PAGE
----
Squint/Opera, the creative digital studio and consultancy, has reissued its Flooded London series of speculative visualisations, showing the much of the city London underwater in 2090 due to climate change.
The exhibition, Sea Change: Flood Resilient Architecture for the 21st Century, has now been extended until 23 December 2020. It looks at how architecture is adapting to urban flooding as a result of climate change.
A recent report by the Royal Institute of Britsh Architects (RIBA) report shows that 1 in 6 UK homes are currently vulnerable to flooding. And that number is set to double by 2015. As flooding causes around £1.4 billion of damage to UK businesses and households each year, architects are looking at how design can help us to ‘live with water’.
Exhibition curator Eva Woode says “most architects are now aware of the fact that the construction industry is a huge contributor to CO2 emissions.
“However, we are still learning about how to adapt to this new reality – architects, developers, local authorities and communities will need to work together to make sure existing and new buildings and developments are resilient, as flooding will become the ‘new normal’.”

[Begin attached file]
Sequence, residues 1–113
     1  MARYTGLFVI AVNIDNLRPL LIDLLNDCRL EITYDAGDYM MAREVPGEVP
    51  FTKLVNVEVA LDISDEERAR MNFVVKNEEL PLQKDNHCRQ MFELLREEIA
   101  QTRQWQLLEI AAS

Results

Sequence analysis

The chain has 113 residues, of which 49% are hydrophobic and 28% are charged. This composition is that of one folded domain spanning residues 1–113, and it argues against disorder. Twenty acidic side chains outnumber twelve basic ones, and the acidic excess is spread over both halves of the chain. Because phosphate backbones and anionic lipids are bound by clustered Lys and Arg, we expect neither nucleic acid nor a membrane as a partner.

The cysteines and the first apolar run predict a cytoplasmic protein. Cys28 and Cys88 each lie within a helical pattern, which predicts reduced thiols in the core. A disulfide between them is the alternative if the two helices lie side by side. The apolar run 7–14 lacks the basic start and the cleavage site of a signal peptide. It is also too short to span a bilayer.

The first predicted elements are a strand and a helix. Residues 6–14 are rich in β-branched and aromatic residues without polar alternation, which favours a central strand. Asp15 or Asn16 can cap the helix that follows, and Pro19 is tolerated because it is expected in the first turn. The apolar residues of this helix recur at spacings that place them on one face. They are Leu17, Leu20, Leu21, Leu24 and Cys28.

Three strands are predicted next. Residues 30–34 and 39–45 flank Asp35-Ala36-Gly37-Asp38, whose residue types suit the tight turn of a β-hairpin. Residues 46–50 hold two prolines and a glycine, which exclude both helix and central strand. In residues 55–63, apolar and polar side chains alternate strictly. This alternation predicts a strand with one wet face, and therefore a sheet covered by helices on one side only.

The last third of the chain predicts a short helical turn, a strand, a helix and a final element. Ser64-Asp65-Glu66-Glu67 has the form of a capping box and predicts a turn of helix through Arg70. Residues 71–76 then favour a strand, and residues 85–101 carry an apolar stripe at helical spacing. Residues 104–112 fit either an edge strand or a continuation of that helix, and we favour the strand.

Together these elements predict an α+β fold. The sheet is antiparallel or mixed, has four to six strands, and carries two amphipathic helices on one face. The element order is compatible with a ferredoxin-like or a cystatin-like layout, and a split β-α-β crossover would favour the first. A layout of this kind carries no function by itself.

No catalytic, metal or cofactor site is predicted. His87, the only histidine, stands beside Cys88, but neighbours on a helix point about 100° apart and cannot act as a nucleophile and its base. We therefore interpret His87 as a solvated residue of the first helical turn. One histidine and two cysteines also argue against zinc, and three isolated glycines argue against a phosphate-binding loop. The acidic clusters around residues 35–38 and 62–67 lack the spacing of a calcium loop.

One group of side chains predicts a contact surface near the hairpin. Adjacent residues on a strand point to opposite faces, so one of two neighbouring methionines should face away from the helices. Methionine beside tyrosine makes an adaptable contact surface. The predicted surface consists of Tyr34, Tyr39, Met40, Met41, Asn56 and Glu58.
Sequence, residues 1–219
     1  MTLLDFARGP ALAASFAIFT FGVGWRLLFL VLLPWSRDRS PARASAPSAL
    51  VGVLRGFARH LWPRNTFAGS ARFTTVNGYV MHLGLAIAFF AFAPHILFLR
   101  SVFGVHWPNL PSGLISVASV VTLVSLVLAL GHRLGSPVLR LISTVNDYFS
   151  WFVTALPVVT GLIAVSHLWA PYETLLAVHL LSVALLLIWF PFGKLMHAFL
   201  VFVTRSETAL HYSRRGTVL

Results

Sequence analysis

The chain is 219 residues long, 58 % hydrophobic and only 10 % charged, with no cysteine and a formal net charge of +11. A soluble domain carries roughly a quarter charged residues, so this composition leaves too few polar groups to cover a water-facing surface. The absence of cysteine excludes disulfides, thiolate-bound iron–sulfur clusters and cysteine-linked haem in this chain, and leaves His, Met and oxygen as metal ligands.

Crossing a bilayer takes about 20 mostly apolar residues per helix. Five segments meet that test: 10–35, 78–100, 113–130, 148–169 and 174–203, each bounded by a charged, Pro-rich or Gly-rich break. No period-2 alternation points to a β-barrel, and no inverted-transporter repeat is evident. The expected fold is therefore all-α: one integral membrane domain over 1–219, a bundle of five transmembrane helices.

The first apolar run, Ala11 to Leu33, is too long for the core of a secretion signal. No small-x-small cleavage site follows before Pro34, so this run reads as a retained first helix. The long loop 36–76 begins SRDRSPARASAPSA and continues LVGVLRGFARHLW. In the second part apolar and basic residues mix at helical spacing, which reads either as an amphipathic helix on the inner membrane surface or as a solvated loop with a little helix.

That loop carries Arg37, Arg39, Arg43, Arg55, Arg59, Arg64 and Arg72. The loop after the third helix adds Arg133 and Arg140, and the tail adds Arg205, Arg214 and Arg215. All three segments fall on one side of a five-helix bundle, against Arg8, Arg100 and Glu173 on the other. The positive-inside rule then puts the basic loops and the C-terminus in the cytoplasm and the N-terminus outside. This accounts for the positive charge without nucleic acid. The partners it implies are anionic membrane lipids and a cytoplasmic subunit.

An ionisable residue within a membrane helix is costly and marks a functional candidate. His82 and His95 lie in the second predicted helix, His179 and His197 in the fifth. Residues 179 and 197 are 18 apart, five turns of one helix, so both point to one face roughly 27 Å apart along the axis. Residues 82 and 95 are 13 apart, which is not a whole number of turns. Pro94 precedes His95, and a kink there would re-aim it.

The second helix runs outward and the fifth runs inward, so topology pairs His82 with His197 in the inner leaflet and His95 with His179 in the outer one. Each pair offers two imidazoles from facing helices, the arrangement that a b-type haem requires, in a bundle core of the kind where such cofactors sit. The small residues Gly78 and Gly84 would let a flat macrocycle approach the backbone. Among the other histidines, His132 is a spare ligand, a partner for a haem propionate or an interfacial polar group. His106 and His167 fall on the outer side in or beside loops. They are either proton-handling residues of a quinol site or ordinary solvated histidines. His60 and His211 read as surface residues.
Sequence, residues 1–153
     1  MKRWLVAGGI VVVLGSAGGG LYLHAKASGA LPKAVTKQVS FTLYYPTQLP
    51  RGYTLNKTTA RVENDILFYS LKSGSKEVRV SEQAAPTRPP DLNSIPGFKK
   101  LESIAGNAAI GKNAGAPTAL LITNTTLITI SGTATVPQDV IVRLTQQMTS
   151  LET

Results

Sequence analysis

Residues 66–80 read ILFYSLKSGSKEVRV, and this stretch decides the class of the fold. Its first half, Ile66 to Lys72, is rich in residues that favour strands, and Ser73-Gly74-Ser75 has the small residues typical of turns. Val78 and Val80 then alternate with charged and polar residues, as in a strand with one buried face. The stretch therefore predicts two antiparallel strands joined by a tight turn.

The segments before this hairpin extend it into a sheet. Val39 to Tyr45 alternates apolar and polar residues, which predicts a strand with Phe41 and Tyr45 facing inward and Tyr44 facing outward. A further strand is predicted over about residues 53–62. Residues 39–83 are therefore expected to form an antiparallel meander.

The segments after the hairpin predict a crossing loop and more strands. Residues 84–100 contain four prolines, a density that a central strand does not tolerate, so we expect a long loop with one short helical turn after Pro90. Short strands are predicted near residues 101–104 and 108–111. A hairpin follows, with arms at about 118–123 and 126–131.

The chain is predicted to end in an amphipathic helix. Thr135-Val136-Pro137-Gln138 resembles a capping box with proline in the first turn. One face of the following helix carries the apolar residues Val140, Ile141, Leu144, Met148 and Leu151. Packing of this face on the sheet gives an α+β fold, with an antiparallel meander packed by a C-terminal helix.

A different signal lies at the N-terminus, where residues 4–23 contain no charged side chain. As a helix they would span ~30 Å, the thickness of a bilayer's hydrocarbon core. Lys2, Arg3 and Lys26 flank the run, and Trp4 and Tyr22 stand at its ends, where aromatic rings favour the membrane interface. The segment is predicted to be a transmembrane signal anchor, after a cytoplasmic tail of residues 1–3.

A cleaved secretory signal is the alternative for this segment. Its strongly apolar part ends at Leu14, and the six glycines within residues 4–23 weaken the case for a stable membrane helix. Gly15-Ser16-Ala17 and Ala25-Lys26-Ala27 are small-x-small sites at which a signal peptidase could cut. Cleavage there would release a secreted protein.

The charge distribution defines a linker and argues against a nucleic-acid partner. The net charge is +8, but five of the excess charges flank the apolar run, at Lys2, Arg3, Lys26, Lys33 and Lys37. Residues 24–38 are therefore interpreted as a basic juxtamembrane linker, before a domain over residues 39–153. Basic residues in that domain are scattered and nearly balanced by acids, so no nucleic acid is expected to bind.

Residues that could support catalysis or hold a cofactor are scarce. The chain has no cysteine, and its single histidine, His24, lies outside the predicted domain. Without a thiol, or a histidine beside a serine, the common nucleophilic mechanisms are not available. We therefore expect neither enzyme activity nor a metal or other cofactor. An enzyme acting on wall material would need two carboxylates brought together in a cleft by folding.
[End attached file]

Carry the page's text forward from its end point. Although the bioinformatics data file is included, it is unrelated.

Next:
Sea Change showcases projects – proposed and realised – by leading architects around the world in the field of flood resilient architecture. One solution on show is Marlies Rohmer Architects’ Floating Houses IJburg, completed in 2015. Located on a lake near Amsterdam, these houses have been highly successful and the original scheme has been expanded, with a total of 18,000 units now planned.
Speaking of the work, a spokesperson for Roca Gallery said “Squint/Opera’s visually stunning series, Flooded London, presents a utopian future, where humans have embraced a new climate reality.
“From two smartly dressed women partaking in a spot of fishing on their lunch break at Canary Wharf, to a gentleman poised on a ledge inside the dome of St Paul’s Cathedral, about to dive into a lagoon below, these dreamlike images trigger the imagination, and bring a sense of optimism and possibility to the exhibition.”
“The general scenario is set 80 or so years into the future, long after the sea levels have risen,” Squint/Opera said when the images were originally created.
“The catastrophic side of the sea coming in has long since passed and the five images are snapshots of people going about their lives, having adapted to the world’s new circumstance. The scenes present London as a tranquil utopia with the architecture of the distant rat race suspended below the water. The people in each scene appear to be relaxed and happy in their environment.”
Earlier this year, the company also created immersive digital media for the new Power of Science exhibition at the Phillip and Patricia Frost Museum of Science in Miami.